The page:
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Op Pad (NL)

Vivre l'Aventure (F)

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Outdoor features

France features

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Hiking photos

Côte d'Azur photos

Typical Provence

Perched villages

France: Four hikes beyond Menton

High above the Côte d'Azur

.Text & photos: © Paul Smit


It's a subtropical dream: hiking amongst the fragrant flowers, enjoying an occasional snack of figs, grapes or blackberries, with a view of both the Alps and the coast.


Base camp

The city I most enjoy visiting on the Côte d'Azur is Menton. The wide sandy beach is frequented more by local families than tourists, and the shops in the small winding streets are not filled with nouveau riche but with Italians from just over the border. The influence of Italy reverberates in everything, symbolised by the baroque church towering over the old city centre.

Menton is a great base camp if you want a beach and culture vacation combined with nice walks. If you'd rather leave the coast behind, first stay at Gorbio and then move on to Ste Agnes, France's highest village littoral (coastal village). You can also combine the day-trips with the two-day trip into a short week of hiking. Then you start and finish in Menton, and on the road you stop over in Gorbio, Ste Agnes, Castellar and Torri (Italy).


Day trip 1

Gorbio - Col de la Madone de Gorbio - Cime de Galian - Mt. Agel - Gorbio (altitude difference 777 m.)

Gorbio, lying on the slopes behind Menton, is in my opinion the most beautiful village littoral in the Côte d'Azur. And that's saying something, because really, all villages here are picturesque. Eze is the most well-known one and it is enchanting. But every other building is a souvenir or antiques shop, coffeehouse or ice cream vendor. Gorbio is more authentic. It has the same charming alleys and arches, is also lying on a hilltop, but there is not one shop to be found. Not one! Children play in the streets, people live their lives. You will find only one bar and one restaurant, in front of the mediaeval village gate, on the village square with its two-metre thick elm and a fountain.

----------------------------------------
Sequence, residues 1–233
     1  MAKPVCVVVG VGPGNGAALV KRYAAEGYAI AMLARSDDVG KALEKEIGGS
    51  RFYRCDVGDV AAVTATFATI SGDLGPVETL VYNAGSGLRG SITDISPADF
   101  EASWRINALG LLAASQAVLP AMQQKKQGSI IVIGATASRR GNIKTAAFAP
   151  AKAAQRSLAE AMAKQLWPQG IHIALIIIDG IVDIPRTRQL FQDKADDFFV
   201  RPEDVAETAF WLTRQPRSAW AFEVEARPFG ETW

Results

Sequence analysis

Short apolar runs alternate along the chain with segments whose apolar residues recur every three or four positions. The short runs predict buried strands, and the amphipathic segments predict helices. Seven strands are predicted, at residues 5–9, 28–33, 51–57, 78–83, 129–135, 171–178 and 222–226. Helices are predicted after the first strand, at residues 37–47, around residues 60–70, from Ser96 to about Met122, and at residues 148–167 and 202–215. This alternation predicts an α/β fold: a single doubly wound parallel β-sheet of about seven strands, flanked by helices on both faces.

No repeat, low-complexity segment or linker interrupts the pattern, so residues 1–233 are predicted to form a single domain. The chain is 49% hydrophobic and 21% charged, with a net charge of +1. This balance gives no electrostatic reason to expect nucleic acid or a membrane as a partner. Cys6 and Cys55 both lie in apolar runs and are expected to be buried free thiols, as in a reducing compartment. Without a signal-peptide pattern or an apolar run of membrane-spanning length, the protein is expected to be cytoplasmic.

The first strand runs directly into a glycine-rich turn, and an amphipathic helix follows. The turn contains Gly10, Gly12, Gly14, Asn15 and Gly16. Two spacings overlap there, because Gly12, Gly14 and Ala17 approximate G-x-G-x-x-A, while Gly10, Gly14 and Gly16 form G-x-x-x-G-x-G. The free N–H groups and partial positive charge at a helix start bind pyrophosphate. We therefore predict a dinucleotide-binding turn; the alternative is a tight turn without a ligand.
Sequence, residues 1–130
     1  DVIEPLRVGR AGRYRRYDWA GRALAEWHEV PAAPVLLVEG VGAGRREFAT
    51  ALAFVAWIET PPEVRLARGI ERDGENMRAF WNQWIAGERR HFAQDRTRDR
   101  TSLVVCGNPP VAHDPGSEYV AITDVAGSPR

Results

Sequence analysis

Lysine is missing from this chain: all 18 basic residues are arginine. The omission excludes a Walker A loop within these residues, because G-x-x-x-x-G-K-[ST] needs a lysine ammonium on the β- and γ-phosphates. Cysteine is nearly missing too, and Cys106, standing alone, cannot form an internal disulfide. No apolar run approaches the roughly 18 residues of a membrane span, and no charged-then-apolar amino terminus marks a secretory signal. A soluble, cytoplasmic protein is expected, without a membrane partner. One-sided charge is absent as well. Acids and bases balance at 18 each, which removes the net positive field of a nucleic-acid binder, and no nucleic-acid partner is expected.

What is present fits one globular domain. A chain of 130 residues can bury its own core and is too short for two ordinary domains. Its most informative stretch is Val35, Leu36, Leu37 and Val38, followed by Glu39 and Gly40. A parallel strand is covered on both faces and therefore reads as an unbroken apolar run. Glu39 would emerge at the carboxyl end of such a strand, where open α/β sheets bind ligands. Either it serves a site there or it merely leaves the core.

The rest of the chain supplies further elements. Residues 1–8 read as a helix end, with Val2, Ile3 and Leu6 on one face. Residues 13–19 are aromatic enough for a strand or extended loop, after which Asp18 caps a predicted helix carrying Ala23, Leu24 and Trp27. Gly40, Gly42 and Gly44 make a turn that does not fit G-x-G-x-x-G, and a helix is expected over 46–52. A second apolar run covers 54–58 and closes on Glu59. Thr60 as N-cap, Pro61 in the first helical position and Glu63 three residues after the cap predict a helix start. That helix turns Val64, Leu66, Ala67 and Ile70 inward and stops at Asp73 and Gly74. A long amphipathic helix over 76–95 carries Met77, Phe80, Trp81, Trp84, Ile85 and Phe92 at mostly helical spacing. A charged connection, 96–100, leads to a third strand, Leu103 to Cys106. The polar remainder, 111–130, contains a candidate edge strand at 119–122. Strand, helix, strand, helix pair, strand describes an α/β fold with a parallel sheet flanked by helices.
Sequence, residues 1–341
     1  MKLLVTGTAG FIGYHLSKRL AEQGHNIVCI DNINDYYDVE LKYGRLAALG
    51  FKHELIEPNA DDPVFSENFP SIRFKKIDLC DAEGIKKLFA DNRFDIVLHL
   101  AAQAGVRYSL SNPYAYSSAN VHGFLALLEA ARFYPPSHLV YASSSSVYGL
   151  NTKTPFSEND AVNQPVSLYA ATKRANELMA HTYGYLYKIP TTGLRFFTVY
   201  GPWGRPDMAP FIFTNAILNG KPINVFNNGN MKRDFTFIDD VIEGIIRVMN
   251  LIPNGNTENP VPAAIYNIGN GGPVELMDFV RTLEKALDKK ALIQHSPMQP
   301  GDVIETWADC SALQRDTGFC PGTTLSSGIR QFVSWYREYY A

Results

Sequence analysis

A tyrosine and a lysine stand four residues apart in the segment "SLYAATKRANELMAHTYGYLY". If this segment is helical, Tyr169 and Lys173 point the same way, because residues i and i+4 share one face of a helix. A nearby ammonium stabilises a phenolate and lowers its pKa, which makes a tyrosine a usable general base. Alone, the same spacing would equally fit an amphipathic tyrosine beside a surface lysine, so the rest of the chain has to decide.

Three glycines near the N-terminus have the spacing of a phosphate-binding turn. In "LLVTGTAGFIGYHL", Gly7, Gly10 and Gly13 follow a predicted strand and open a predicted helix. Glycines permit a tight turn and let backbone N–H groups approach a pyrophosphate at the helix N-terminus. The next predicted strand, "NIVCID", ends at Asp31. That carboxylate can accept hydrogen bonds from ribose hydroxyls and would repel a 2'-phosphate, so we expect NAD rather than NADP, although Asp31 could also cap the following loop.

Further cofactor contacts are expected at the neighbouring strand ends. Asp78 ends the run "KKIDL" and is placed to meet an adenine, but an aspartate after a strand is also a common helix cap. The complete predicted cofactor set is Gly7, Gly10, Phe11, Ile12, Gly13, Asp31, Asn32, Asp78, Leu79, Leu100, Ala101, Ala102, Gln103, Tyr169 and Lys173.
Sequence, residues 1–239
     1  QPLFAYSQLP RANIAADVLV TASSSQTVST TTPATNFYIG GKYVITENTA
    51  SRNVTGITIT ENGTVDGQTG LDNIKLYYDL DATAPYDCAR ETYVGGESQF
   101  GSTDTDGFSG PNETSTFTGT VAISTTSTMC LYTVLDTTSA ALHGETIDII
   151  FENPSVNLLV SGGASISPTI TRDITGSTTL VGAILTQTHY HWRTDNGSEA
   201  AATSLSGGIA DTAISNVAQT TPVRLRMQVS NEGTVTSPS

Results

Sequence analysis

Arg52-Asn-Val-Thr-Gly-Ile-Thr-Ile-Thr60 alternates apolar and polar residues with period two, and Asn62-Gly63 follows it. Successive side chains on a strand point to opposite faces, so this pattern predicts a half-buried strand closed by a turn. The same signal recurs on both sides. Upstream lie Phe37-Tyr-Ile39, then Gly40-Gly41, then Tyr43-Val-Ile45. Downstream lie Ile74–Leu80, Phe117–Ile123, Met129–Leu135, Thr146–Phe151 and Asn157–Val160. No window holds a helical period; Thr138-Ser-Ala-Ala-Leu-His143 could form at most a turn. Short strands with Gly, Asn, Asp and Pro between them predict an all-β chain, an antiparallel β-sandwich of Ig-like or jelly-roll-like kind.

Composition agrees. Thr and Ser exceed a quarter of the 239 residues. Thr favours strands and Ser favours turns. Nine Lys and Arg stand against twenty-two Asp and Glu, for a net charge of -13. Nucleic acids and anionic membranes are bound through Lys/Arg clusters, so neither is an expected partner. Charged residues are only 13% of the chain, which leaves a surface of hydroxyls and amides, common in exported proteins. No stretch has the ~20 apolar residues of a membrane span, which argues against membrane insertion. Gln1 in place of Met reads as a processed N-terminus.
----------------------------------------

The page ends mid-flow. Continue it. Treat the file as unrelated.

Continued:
The floral fragrances embrace us as soon as we leave the village. The old donkey trail, climbing up through the terraces, is bordered by flowers. Up higher, where the terraces are less well-kept, old neglected figs mingle with the wild flora and in the end we are walking in pure wilderness. Now, in June, broom is the dominant vegetation. Its flowers here are four times as large as the broom I am familiar with. The smell is bigger than life too, it smells like a thousand honey pots have been left open. >>>

<<< Here and there nothing grows at all. The water as it seeps through has slowly eaten away at the limestone, leaving behind metres-high and razor-sharp fins. A textbook example of a 'karst' landscape.


Day trip 2

Gorbio - Ste Agnes - Cime de Baudon - Col de la Madone - Gorbio (altitude difference 933 m)

The next morning we leave the village by the same GR 51. Once again we traverse the voluptuous terraces above Gorbio. Ste Agnes, where we arrive later that morning, is far more barren. Being more than 400 m higher this is not surprising. It was built on a summit for protection against the attacks of the Saracens. To be more precise, right behind the summit: it cannot be seen from the coast. And yet it was not the location that warded off the sea pirates, but the girl Anne. Haroum, a powerful Saracen, was so impressed by her beauty and bravery that he met to her demands to gain her hand in marriage: to end his piracy and convert to Christianity. >>>

<<< This is our first unhindered view of the north. We are impressed by the height of the mountains in that direction. They are the three-thousand-metre peaks of Mercantour, culminating in the Argentera, just over the border in Italy. From the Cime de Baudon, the highest point on our walk, the view is even more complete. Now the coastline is also included. >>>

Day trip 3

Sainte-Agnès - Col de l'Olive - les Cabrolles - Sainte-Agnès (altitude difference 450 m)